The Jaguars have a good balance with one veteran that’s not a show-stopper but still has plays left to make (Marvin Jones) and two young receivers with a lot of promise (D.J. Chark, Laviska Shenault). And as far as #4 wide receivers go, one can do a lot worse than Phillip Dorsett. Overall, this lineup of receivers is a good situation for Trevor Lawrence to be coming into.

The Texans have the virtue of having the third-best receiver in the division in Brandin Cooks, who continues to make plays no matter which team he’s on. There’s a hodgepodge of players after him, some with more promise than others – and it’s not entirely clear how the depth chart will shake out. Anthony Miller has the highest upside of the bunch, and Chris Conley’s a solid depth piece as well. Keke Coutee and Alex Erickson are a little shakier but have some upside as well. The issue is a lack of players with a high ceiling after Cooks and maybe Miller.

The Colts have a couple of promising young receivers that haven’t quite truly broken out yet. Michael Pittman Jr may be the future of the corps, though. Parris Campbell is more of a question mark due to him being injury-prone. T.Y. Hilton’s best days are behind him. Zach Pascal is a solid depth receiver, but he seems to have already reached his ceiling. This corps has some promise (particularly in Pittman), but they are not quite there yet.

Tight End

The Best: Indianapolis Colts

The Rest: Tennessee Titans, Houston Texans, Jacksonville Jaguars

Let us just put this bluntly: the AFC South is a wasteland in the tight end department. No one currently in the division even crossed 500 receiving yards last year. That said, out of this bunch, the Indianapolis Colts have the best depth. They have Mo Alie-Cox and Jack Doyle, which by themselves are not great (though Alie-Cox did show some promise last year). But together, they make for a halfway decent duo; once you get in the red zone, there’s at least half a chance that one of them will get open.

The Titans lost Jonnu Smith in the off-season, putting Anthony Firkser in the driver’s seat. He had a few quite solid outings last year when filling in for Smith, and as such may actually have the highest ceiling of the lot. However, the Titans offense is unlikely to rely much on the tight ends anyway. After Firkser are just a couple of veteran backups (Luke Stocker, Geoff Swaim) who are not really there to catch many passes.

The Texans have their proven starter in Jordan Akins, who has put up 400+ receiving yards two years in a row. Those are not noteworthy numbers, but they are at least consistent. Unfortunately, they do not have much depth at all after Akins. It’s not a good thing when the most recognizable name after Akins is Ryan Izzo.

In the case of the Jaguars, it’s not even clear who is going to be the starter. James O’Shaughnessy has the largest resume of the bunch, and he only had 262 receiving yards last year and no touchdowns, so it’s hard to see him being the starter if there’s anyone else that’s better. The other options are Chris Manhertz (who has 12 career catches) and fifth-round rookie Luke Farrell, who does come from Ohio State and is thus reuniting with Meyer.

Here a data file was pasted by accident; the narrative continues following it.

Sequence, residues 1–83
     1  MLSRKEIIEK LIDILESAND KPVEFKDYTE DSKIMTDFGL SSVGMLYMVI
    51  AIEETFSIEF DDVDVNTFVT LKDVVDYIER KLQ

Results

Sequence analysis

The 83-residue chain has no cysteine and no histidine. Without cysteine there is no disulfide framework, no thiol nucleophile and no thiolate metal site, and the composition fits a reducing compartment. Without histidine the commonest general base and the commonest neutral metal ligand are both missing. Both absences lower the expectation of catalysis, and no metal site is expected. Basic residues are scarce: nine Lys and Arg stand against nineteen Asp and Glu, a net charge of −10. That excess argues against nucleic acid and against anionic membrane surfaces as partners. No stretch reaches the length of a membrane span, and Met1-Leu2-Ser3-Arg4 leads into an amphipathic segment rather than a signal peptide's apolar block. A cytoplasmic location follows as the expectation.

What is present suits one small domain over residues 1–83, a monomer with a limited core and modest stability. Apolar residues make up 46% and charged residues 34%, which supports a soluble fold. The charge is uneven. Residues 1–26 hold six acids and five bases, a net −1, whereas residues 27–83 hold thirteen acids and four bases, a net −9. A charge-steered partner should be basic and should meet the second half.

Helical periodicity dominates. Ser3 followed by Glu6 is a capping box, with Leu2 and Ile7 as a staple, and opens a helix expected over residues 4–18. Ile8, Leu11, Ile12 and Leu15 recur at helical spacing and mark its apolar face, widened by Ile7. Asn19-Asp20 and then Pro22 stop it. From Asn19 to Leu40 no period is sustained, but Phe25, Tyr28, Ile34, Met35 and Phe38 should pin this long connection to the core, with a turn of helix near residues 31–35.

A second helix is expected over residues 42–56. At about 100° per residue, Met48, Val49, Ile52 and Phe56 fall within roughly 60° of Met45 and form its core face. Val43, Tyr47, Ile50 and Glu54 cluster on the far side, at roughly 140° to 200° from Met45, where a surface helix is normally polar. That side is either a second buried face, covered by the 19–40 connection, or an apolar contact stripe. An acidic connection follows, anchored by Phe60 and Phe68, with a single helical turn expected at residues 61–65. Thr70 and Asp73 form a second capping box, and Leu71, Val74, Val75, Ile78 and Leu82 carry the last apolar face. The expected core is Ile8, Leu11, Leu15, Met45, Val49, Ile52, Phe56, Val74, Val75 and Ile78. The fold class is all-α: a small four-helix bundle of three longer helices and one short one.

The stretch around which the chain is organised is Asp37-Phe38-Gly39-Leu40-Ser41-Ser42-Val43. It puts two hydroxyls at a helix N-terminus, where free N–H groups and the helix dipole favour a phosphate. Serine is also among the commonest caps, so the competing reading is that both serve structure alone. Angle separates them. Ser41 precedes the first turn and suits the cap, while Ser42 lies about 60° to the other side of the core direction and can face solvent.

Offensive Line

The Best: Indianapolis Colts

The Rest: Tennessee Titans, Houston Texans, Jacksonville Jaguars

In an era where many teams do not seem to be properly investing in their offensive lines anymore, the Colts have been bucking that trend and been building their line better than almost anyone else in the league. The results have seen them having general success both passing and rushing the last year or two, led by the likes of center Ryan Kelly, left guard Quenton Nelson, and right tackle Braden Smith. This year they signed Eric Fisher to be their new left tackle, and once he’s fully healthy, he should be a strong addition as well. Their weakest point would be Mark Glowinski at right guard, but the greatness of the rest of the group seems to be compensating for that.

The Titans offensive line isn’t as heavy on accolades, but they are clearly doing something right if Derrick Henry can run for as many yards as he does. On the left side of the line, Taylor Lewan and Rodger Saffold do have some Pro Bowl/All-Pro appearances in their past, and Ben Jones and Nate Davis appear to be stable starters as well. The big problem is the question mark at right tackle, where it’s either Dillon Radunz (a second-round rookie) or Kendall Lamm, who has almost always been purely a depth piece.

The Texans are a bit shaky on the offensive line, but they do get boosted a bit by having Laremy Tunsil at left tackle, who has been a Pro Bowler each of the last two years. They did add Marcus Cannon and Justin Britt this off-season, but neither of them played last year (though Cannon was a COVID opt-out). The rest of the expected returning starting line – Tytus Howard and Max Scharping – unfortunately does not inspire much confidence. There’s some upside here beyond Tunsil, but putting that much faith in two guys who did not even play last year seems questionable.

The Jaguars are the only team in the South to have zero offensive linemen with any Pro Bowlers in their history. It would seem that’s the case for a reason, as center Brandon Linder is the only expected starter who has a score higher than 70 on Pro Football Focus. These things do not bode well.